When we consider the intergenerational ‘mix’ that many UK workplaces are now seeking to manage, it is easy to forget that the HR profession itself comprises a diverse demographic. I was reminded of this recently at the sixth annual conference of the European HR Director’s Circle in Lisbon.
This year each of the French companies represented (including Sanofi, Crédit Agricole, Air France and Orange) nominated a younger member of their HR teams to present a ‘provocation’ to the Circle focusing on how these future HR directors expect organisations to adapt to challenges like digitisation and the changing needs of employees. For the older generation of HRDs the messages were insightful and challenging and there were three themes I feel should be of interest to their UK counterparts.
First, it was striking how employee-centric the younger HR professionals’ views were. They were convinced that HR needs to embrace marketing principles to listen to staff constantly, customise the employment offer, and become ‘curators’ of talent, skill development and social capital. There was a big emphasis on the role digital technology and social software is already playing to connect networks of colleagues. Orange, for example, is now using LinkedIn to capture the competencies of employees, as they are much more likely to use this platform than the company’s own talent management and skills database.
Second, they had strong views about the skillsets and roles HR professionals need to concentrate on in the future. In general, they saw the Ulrich model as having limitations and proposed a ‘Three Thirds’ framework. Thus, a third of them should continue to be specialists in traditional functional areas such as compensation, learning and development, employment law, and recruitment. A third should concentrate on becoming true strategic consultants to the business, building on some of the Ulrich business partner philosophy. The final third should be ‘geeks’ – non-traditional, numerate data scientists and PhD-level analysts who can ‘mine’ big data, perform a diagnostic role and spot patterns that add to the company’s ability to deliver its value proposition and drive performance.
Third, they want HR to internalise the transparency and democratic power of social media. They were convinced that younger employees will demand greater immediacy of access to data, the power to connect and share in ways that do not require permission from a hierarchy, and fluid, dynamic and agile job definitions and role boundaries.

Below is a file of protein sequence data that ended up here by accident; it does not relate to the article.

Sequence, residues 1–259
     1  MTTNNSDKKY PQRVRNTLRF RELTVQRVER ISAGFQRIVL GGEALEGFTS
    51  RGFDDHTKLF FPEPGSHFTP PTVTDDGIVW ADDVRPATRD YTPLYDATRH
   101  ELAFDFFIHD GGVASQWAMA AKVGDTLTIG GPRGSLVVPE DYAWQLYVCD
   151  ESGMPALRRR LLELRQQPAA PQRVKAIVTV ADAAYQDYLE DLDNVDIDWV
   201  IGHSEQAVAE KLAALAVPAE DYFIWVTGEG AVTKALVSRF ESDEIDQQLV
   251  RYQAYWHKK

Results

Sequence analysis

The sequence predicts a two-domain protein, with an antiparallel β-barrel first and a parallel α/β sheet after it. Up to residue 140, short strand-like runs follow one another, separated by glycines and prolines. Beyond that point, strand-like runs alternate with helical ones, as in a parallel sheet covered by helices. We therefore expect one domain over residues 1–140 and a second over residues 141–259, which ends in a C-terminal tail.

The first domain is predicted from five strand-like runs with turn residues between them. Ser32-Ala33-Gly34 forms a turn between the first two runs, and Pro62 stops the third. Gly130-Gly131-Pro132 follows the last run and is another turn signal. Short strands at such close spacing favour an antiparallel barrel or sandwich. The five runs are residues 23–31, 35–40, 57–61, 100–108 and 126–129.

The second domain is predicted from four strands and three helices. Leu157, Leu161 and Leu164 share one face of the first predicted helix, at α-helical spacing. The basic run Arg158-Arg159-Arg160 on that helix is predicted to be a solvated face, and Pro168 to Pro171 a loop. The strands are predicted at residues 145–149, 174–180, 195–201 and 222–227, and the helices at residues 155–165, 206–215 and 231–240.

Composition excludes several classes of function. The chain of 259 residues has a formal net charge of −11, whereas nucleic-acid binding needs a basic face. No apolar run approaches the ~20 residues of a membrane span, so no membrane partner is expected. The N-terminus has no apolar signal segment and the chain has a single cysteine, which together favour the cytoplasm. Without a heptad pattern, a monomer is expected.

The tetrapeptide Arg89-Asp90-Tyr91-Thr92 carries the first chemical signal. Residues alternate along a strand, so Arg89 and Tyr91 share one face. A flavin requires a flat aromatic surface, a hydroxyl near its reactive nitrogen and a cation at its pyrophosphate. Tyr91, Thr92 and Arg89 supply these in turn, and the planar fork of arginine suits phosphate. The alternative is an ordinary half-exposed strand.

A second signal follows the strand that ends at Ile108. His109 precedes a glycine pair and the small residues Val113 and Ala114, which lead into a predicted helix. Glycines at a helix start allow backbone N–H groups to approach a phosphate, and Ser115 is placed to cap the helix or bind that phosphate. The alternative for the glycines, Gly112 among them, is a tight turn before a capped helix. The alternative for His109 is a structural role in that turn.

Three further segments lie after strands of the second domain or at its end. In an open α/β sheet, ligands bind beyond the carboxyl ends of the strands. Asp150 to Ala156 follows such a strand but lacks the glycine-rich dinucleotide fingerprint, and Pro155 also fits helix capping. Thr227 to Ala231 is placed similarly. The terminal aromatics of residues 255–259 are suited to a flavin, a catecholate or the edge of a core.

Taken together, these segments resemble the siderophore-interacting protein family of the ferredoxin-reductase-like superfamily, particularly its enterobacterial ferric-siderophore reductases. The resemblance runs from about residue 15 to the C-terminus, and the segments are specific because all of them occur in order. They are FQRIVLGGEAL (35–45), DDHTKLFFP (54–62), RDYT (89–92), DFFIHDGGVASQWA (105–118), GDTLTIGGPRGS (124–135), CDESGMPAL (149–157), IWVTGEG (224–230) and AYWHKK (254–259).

The transparency element of their thinking also extended to the notion that HR should be strong enough to be the ‘ethical conscience’ or ‘moral compass’ of the business at a time when trust in corporations remains fragile. The sentiment is distinctive and challenging – especially to those HR professionals who find it hard to raise their gaze above the more routine and intense pressures of delivering a basic service to increasingly demanding operational managers.
Even though this was a distinctively French perspective and the brief the group was given was to be provocative, ‘blue sky’ and future-focused, the messages from this next generation of HR high fliers were fascinating, clear and bold. Immediately I asked myself how different the analysis, priorities and themes would be if we repeated the exercise with the UK’s emerging HR talent pool.
So, in partnership with HR magazine, The Institute for Employment Studies (IES) is setting up a small project to bring together some of the UK’s emerging HR talent to look at the role of the profession and the challenges it will face over the next 20 years. We are looking for a diverse range of nominees from up to a dozen UK organisations who would like to participate – at no cost – in this initiative. If you would like to put a name forward please contact me at firstname.lastname@example.org
Stephen Bevan is head of HR research development at the Institute of Employment Studies. For more information on this project, please email email@example.com